Generate a SSIS Package from Metadata & Exploit Parallelism



“With a final, working SSIS package, you’ve got access to the good performance of parallel loading using a work queue – and you’ve also got a way to keep it ‘in sync’ with your evolving materialized view, freeing you from plumbing work, letting you focus on the business value contained in the source query that you’re aiming to persist for reporting and other needs.”

In a recent article, I dove into a strategy for loading materialized views that has a number of advantages including reduced contention and improved performance for some types of source queries. I offered a few variations on how to implement this strategy, and the clear winner in a production scenario I used as a benchmark was to do this while taking advantage of parallelism, as we can do easily from SSIS. In this article I’ll offer a simple way to generate the necessary SSIS package and supporting SQL to do this, without writing much code. This sorcery is brought to you by xSkrape Tool Suite where we can use templates to generate any type of output: SQL, C#, SSIS packages – etc.




I won’t spend a lot of time explaining the problem to solve since the linked article gives most of the background. Were the article ends, I’ve presented an SSIS package that resembles this:

The population task here involves inserting simple key values into a queue table. I generally accomplish this using a stored procedure. This has the benefit of letting me include logging that can reference @@ROWCOUNT, for example, so I can tell how many records have been added to my queue – and other similar instrumentation. A simple version of my populate procedure might look like this (code available on GitHub):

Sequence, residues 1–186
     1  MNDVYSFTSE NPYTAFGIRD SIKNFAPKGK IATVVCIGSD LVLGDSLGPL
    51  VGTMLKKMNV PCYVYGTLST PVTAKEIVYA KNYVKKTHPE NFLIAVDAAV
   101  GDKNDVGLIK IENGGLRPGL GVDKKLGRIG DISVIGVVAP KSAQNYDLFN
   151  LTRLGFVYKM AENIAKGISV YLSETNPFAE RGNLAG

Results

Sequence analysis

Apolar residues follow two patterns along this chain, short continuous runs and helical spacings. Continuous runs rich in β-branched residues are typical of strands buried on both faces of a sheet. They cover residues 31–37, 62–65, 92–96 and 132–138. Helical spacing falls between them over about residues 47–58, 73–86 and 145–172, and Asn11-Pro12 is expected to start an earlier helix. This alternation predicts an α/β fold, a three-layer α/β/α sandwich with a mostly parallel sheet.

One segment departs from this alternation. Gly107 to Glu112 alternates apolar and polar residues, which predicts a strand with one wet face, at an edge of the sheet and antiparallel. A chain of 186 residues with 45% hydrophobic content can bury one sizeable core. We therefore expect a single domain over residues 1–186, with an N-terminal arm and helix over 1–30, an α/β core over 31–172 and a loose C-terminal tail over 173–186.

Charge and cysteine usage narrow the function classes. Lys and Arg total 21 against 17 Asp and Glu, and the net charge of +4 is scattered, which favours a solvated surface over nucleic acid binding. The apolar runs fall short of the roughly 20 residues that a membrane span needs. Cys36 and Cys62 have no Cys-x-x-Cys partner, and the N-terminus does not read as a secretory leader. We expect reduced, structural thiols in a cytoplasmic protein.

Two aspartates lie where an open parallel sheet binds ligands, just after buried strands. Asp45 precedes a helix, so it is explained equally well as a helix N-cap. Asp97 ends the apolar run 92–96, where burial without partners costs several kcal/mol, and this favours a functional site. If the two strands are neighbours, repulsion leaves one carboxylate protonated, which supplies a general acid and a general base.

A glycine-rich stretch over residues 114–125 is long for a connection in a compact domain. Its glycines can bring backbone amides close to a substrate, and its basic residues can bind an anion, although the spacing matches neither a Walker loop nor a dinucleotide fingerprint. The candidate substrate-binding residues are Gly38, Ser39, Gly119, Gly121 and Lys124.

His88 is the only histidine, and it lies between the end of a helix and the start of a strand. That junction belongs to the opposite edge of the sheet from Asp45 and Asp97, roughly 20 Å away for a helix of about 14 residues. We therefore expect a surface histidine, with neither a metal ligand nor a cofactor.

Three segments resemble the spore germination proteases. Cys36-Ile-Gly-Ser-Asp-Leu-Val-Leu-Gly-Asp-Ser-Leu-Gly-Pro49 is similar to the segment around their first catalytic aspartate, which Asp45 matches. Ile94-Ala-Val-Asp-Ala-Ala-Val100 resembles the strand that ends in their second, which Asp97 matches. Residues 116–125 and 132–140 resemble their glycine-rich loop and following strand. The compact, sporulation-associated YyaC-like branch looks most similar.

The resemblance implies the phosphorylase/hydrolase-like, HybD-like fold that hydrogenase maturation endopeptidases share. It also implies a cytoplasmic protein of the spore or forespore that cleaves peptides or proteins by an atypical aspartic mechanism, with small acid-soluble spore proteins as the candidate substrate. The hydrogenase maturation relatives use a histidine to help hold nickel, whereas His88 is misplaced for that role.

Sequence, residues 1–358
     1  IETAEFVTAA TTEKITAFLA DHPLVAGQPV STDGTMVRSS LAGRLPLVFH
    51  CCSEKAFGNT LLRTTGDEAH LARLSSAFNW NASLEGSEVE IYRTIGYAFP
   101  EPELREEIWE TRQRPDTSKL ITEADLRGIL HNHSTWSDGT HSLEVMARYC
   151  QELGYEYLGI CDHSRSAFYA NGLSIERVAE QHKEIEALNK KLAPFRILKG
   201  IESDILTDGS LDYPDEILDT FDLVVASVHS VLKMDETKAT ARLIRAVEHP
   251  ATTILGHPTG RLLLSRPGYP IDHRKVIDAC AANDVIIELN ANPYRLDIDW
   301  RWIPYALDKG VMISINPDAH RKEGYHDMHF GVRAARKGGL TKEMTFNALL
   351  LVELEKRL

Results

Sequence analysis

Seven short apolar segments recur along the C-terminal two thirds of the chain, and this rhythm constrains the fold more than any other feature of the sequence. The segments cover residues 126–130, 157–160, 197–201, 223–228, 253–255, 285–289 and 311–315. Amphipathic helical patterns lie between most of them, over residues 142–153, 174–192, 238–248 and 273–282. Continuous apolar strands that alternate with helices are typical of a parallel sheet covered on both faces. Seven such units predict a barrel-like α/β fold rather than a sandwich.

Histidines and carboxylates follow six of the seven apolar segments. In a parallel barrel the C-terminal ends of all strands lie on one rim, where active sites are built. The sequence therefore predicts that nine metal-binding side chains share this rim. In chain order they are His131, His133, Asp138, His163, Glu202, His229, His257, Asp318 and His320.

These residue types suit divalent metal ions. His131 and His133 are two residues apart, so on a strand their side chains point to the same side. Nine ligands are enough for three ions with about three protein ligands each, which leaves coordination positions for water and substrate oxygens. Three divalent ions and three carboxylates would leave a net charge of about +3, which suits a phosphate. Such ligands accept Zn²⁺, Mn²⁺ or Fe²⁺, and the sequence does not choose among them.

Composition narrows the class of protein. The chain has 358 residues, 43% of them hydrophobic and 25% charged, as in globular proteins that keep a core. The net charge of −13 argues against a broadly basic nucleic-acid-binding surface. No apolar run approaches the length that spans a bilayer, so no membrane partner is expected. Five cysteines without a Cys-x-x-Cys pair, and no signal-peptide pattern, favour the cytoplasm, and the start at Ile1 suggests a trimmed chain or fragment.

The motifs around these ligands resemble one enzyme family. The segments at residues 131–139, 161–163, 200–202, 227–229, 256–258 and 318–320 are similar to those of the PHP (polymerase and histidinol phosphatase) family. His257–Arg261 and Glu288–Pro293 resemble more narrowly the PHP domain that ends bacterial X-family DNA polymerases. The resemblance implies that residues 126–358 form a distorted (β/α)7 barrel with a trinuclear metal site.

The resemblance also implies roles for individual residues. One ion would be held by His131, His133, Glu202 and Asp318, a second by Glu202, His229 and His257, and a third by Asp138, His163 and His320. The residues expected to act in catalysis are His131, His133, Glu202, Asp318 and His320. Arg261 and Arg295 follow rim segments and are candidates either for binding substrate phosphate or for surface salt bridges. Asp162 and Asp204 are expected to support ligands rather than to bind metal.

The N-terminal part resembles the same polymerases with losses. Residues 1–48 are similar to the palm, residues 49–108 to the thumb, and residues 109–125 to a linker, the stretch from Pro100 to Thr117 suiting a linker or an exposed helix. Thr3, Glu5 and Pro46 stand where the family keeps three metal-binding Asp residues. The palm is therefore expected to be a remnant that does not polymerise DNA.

CREATE PROCEDURE dbo.up_WidgetLatestStateQueue_Populate

       @start datetime2 = NULL





       IF @start IS NULL

              SET @start = DATEADD(dd, -1, SYSDATETIME());


       INSERT dbo.WidgetLatestStateQueue (WidgetID)



              [Source].[Event] e


              e.EventDate >= @start

       AND NOT EXISTS (SELECT 0 FROM dbo.WidgetLatestStateQueue q WHERE e.WidgetID = q.WidgetID);




My SSIS SQL task “Populate queue” simply invokes this procedure with no parameter provided, so the default of @start = NULL is used, meaning the filter will be calculated as 24 hours in the past. This means if this job runs at least once a day, we should capture all widgets where there could be a real change in our materialized view. If I had other tables that participated in the source query for the materialized view, I’d include them in either the INSERT from a SELECT shown here or include them in separate INSERT statements – how I do it would depend on performance. (If you index your dates properly, this step should be very fast – in my production benchmark, it represented less than 1% of the overall cost.)

After the populate step, I’ve included an SSIS script task that runs the following C# script:

public void Main()


    const int MAX_RETRIES = 2;

    const int COMMAND_TIMEOUT = 60;

    const int MAX_THREADS = 8;


    var connectionString = Dts.Connections["SQLDatabase"].ConnectionString;


    using (var conn = new SqlConnection(connectionString))




        int lastCount = -1;

        Dictionary<string, int> retries = new Dictionary<string, int>();


        while (lastCount != 0)


            using (var da = new SqlDataAdapter($"SELECT TOP {MAX_THREADS} [WidgetID] FROM [Dest].[WidgetLatestStateQueue]", conn))


                using (var dt = new DataTable())



                    lastCount = dt.Rows.Count;


                    Parallel.ForEach(dt.DefaultView.Cast<DataRowView>(), (drv) =>




                            using (var connInner = new SqlConnection(connectionString))




                                using (var cmd = new SqlCommand("[Dest].[up_WidgetLatestState_ByID]", connInner))


                                    cmd.CommandTimeout = COMMAND_TIMEOUT;

                                    cmd.CommandType = CommandType.StoredProcedure;